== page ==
Geography: Alaska’s Physical Systems/History
|Physical process related to the atmosphere, lithosphere, hydrosphere, and biosphere have shaped Alaska’s environment.
Ecoregions provide a means of understanding the spatial interaction of physical systems in Alaska at different geographic scales.
Knowledge of geography enables us to develop an understanding of the relationships between people, places and environments over time.
Four class periods
Student access to Internet
Various art supplies
Alaska has four separate, yet interrelated components that make up its environment:
1. Lithosphere or landforms, is the most easily recognizable in the mountains, hills, valleys and rivers of Alaska.
2. Atmosphere has underlying factors that make up the climate of an area. They include latitude, land and water, and other factors such as temperatures, violent storms and fog and precipitation.
3. Hydrosphere refers to glaciers, rivers and lakes, and oceans.
4. Plants and animals make up the biosphere and reflect general plant and animal distributions.
- Have students read in small groups one of the sections in Alaska’s Physical Systems.
- Have them report what they learned from their section, and discuss sites in Alaska that have these systems.
- Students will select a physical system to look at to answer the question: How has its physical systems impacted Alaska’s history?
- They will then study maps, (texts if available) and look at websites to determine how the physical systems have impacted Alaska’s history.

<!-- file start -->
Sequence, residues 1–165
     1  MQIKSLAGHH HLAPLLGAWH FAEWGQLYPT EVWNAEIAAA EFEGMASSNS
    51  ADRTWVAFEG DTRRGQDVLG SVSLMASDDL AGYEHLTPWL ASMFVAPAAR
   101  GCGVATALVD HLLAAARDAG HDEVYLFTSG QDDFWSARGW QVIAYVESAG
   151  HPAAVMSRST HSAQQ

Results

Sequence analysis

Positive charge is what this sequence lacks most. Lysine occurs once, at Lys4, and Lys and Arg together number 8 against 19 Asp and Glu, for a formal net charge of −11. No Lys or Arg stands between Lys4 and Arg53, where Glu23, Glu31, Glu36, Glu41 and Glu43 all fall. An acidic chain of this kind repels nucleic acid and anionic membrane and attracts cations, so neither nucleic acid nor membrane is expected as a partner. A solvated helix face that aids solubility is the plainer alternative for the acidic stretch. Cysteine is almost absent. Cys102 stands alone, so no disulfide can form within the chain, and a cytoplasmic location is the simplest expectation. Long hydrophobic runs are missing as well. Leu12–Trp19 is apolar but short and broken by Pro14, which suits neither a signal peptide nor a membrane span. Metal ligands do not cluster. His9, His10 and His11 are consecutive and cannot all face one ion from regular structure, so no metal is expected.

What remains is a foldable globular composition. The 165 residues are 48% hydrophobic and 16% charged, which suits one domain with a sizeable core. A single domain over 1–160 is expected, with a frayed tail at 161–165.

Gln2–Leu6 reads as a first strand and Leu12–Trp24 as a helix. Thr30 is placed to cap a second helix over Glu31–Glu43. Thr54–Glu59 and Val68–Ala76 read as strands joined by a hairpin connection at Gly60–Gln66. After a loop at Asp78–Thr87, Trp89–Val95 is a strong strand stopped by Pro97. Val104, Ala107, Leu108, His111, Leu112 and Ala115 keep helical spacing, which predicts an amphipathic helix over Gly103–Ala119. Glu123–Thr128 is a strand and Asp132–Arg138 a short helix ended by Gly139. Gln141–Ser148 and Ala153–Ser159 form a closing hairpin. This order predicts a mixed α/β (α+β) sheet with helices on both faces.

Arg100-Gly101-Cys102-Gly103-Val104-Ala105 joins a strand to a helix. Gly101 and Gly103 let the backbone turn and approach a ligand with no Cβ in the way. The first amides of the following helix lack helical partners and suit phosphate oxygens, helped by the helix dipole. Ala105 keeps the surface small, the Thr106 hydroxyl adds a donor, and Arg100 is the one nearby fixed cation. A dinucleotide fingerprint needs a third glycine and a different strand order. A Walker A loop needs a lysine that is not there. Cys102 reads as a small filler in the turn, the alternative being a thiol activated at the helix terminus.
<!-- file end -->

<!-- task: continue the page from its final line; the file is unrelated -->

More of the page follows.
- Students will create timelines on their particular physical system with descriptors. Alternative timelines should be encouraged, such as poetry, art or drama. If students want to make electronic timelines, use of pop-ups or some other interesting facet should be encouraged.
Geography: A1, B1, B7, C1, C2, F1, F5
Culture: E2, E4
AK History: AH. PPE 1
Assessment: Review A Story of Russia’s Colony and worksheets.
||The timeline shows a sophisticated understanding of the individual physical feature and its impact on history.
Descriptions are clear, detailed and error free.
|The timeline addresses location, people, and/or events. Dates and descriptions indicate an understanding of historical importance.
||The timeline addresses some requirements. It has relevance to Alaska's history but may be confusing or very genera..
||There is none or not enough work
product to evaluate.
||There is evidence of copious research in the quality of work.
Sources are cited.
|Date is from a variety of cited sources.
||Data is sparse and/or may not be cited.
||There is no evidence of research.
||The timeline is creative and is presented in a legible and attractive manner.
||The timeline is legible and attractive.
||The timeline may be legible but lacks organization or efforts to enhance the final product.
||There was little or nothing to evaluate.
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